It feels like a long time since we last headed toward a winter season that didn’t come with some sort of impending doom looming over us. Are we in store for a good news surprise?
The last time I can think that we didn’t have something to worry about (although that is rather relative) was winter 2018.
Let’s look at the last four:
- December 2019 – Boris Johnson’s infamous oven-ready Brexit election win
- December 2020 – Lockdown Christmas
- December 2021 – Lockdown Christmas 2.0
- December 2022 – Cost-of-living/energy crisis (plus whisperings on the Ukraine/Russia border [and the disastrous Truss/Kwarteng mini budget to kick off Autumn])
These of course affected us all in different ways. But the sense that something bad was on the horizon has been present basically every year.
This winter, we might have some cause for optimism.
Inflation is in retreat. With it, energy bills are normalising (sort of). We aren’t about to leave the thick woollen jumpers behind and turn up the thermostat but its less anxiety-inducing than last year when bills were looking like they’d hit £4,000 at one point.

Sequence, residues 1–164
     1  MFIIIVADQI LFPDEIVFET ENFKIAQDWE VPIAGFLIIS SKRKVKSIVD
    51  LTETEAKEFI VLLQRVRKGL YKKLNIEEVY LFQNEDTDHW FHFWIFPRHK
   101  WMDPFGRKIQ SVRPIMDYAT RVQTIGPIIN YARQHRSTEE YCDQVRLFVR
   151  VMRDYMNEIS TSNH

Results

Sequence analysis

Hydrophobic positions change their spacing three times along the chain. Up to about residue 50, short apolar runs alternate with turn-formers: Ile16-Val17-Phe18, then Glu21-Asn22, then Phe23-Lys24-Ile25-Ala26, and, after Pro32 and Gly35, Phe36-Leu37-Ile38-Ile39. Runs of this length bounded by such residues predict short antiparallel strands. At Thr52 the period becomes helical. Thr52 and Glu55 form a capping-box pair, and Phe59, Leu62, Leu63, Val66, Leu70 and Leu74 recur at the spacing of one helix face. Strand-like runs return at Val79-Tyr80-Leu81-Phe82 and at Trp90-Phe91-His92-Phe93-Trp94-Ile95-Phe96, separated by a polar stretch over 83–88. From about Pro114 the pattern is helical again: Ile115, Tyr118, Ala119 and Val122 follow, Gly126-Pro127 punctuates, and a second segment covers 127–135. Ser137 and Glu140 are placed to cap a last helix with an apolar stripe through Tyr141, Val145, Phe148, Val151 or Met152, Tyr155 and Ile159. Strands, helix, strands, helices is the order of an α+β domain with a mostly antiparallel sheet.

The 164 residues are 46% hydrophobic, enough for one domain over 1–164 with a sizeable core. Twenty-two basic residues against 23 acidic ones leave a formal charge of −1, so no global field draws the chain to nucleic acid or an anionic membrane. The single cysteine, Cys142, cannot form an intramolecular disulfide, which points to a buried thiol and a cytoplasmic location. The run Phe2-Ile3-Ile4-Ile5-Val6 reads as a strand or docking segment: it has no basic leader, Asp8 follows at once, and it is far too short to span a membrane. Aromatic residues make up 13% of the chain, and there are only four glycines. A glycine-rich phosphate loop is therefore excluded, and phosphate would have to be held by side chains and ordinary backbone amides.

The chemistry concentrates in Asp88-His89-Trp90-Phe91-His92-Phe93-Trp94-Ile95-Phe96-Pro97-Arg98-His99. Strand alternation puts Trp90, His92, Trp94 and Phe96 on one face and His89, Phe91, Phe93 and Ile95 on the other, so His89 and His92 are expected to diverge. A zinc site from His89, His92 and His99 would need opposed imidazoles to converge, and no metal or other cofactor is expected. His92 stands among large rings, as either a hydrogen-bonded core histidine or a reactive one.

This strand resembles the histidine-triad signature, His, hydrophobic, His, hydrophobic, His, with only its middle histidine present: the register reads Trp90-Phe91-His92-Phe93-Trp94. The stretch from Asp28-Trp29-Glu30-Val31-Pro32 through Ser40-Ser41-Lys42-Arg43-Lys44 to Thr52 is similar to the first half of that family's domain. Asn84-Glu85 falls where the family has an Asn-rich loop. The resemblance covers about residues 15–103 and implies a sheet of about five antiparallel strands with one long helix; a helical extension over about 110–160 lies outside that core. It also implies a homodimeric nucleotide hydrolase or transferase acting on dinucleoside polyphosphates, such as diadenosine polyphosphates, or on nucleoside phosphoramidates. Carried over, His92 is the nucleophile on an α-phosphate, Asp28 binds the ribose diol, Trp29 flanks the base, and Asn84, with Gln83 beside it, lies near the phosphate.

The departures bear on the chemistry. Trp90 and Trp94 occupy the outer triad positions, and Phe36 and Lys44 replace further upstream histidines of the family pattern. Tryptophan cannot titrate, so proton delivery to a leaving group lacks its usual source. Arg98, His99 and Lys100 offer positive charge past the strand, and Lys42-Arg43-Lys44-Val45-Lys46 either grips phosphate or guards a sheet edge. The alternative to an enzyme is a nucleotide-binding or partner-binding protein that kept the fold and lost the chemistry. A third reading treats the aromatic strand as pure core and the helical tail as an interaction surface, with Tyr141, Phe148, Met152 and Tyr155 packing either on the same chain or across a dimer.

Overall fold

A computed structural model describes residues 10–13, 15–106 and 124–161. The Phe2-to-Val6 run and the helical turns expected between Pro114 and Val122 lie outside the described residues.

So daring to be optimistic going into winter is possible, despite a damp summer.
But economic clouds are still gathering with interest rates still rising, property market looking shaky and the labour market starting to show signs of something not good.
September is typically a time for stock market wobbles and other general anxieties to emerge as people get back to their desks from holiday, schools go into session and other normalities prevail. But by November/December this often irons itself out.
Another area for optimism (although tempered by quietly rising unemployment) is we seem to be getting proper pay rises for the first time in a while. Indeed, such is the improvement in our collective earnings that property affordability is quietly rising, albeit against higher mortgage rates. If rates begin to ease, as they have begun to show a bit of, then suddenly people could be in a position to start buying at better rates.
So what have we got coming up in the diary for the September reset?
On the first of the month ASLEF are on strike again with train drivers across 12 rail firms.
The House of Commons is back in session on 4 September, but rises again for conference season on 19 September.
The Financial Ombudsman Services (FOS) publishes its latest complaints data on 6 September.
12 September is the latest ONS employment and wages data for the UK economy, with inflation on 20 September.
On 16 September it’s the 10th anniversary of the Current Account Switching Service (CASS) launch.
And finally on 21 September we’ll see the result of the latest Bank of England Monetary Policy Committee (MPC) rate decision.
All the best, wishing you a positive September from us here at MRM and Mouthy Money.